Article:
It is best to remove the two strips on the top of the batteries so you can separate the batteries from the case. Once you remove all three tin strips from the both ends of the battery we can look into replacing them.
Don't worry, if you damage the tin strips beyond repair you can replace them with wire.
Step Two Opps: I Broke the Connector
In the last step I stated "try not to pull the wires too hard that are connected to the PCB (Printed Circuit Board), if the 6 contacts are separated from the PCB you will need to re-solder the 6 connectors". Well I wanted to see how hard it was to break them apart and how hard it was to re-solder them, so I broke it off the PCB. It took some effort so you should have no problems but if you did man handle it and it did break off see below for the placement. I had no issues re-soldering it but they are very small and some people may have issues, so take your time and enjoy!
Step Three: Replacing the Batteries
Sanyo stated that they no longer manufacture the battery that is inside of the older rechargeable battery packs and have replaced them with their new line of products called the Sanyo Eneloop. These batteries have a longer storage life and you get more re-charges per battery. To replace the batteries I have purchased the Sanyo Eneloop batteries model HR-3UTGA 1.2V for 2 bucks a piece but any AA rechargeable battery will do. For more information on the batteries check this link out: Informational on the Xbox 360 Controller Battery Pack
Now it is time to reconnect the tin strips. If the tin strips got bent when they were removed, go ahead and straighten them with the needle-nose pliers. There are two ways you can get the tin strips back on the new batteries. You can either super glue or solder. I HIGHLY recommend soldering because it will last longer and will make a better contact for the batteries. If you want to you can tape the two batteries together so they are easier to work with. The below picture shows the placement of the batteries.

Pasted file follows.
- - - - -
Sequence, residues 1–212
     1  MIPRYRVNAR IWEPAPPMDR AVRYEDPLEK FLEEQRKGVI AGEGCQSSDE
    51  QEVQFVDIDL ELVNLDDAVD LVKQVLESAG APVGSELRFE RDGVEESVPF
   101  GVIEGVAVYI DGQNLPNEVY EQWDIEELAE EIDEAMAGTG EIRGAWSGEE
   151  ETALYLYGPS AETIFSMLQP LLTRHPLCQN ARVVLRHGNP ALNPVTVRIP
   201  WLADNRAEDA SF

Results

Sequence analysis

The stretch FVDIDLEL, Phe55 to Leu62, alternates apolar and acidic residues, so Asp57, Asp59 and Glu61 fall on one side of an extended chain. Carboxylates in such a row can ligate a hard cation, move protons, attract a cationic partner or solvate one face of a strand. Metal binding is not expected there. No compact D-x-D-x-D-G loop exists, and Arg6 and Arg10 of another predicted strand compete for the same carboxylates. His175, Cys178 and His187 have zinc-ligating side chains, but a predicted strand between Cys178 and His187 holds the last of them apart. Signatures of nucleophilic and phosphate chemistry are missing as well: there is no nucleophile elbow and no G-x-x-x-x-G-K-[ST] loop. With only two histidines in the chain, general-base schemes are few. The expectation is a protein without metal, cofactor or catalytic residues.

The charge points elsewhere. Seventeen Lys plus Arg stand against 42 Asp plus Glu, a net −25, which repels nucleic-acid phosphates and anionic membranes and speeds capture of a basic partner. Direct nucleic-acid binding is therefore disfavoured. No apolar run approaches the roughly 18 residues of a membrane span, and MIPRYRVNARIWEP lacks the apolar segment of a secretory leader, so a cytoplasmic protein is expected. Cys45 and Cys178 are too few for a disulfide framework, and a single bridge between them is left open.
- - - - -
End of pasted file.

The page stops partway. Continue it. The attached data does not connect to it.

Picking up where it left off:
Step Four: A Warning
Before going any further I need to point out a nice tip. Please keep in mind there is VERY limited room inside the battery case. So you don't need to put a ton of tape, glue, or soldering on the batteries. Too much of anything will lead to not enough room to fully close the case or make it so tight your top release button will not work correctly.
Remember, just enough to hold it together. It is so tight in the battery case it almost can hold the tin strips by themselves. Please note I said almost, you still need to make sure they are being held by the solder or glue.
Step Five Alpha: Glue
If you decide to super glue, ensure you only glue the edges, try to avoid getting glue between the tin strip and the battery this will give you the best possible contact. Glue one edge and wait for it to dry before gluing the other end. I recommend starting with the bottom end. Again use as LITTLE glue as possible... If you use to much then you will have to rip everything apart again, sand down the battery/tin strips, and then re-glue everything over again.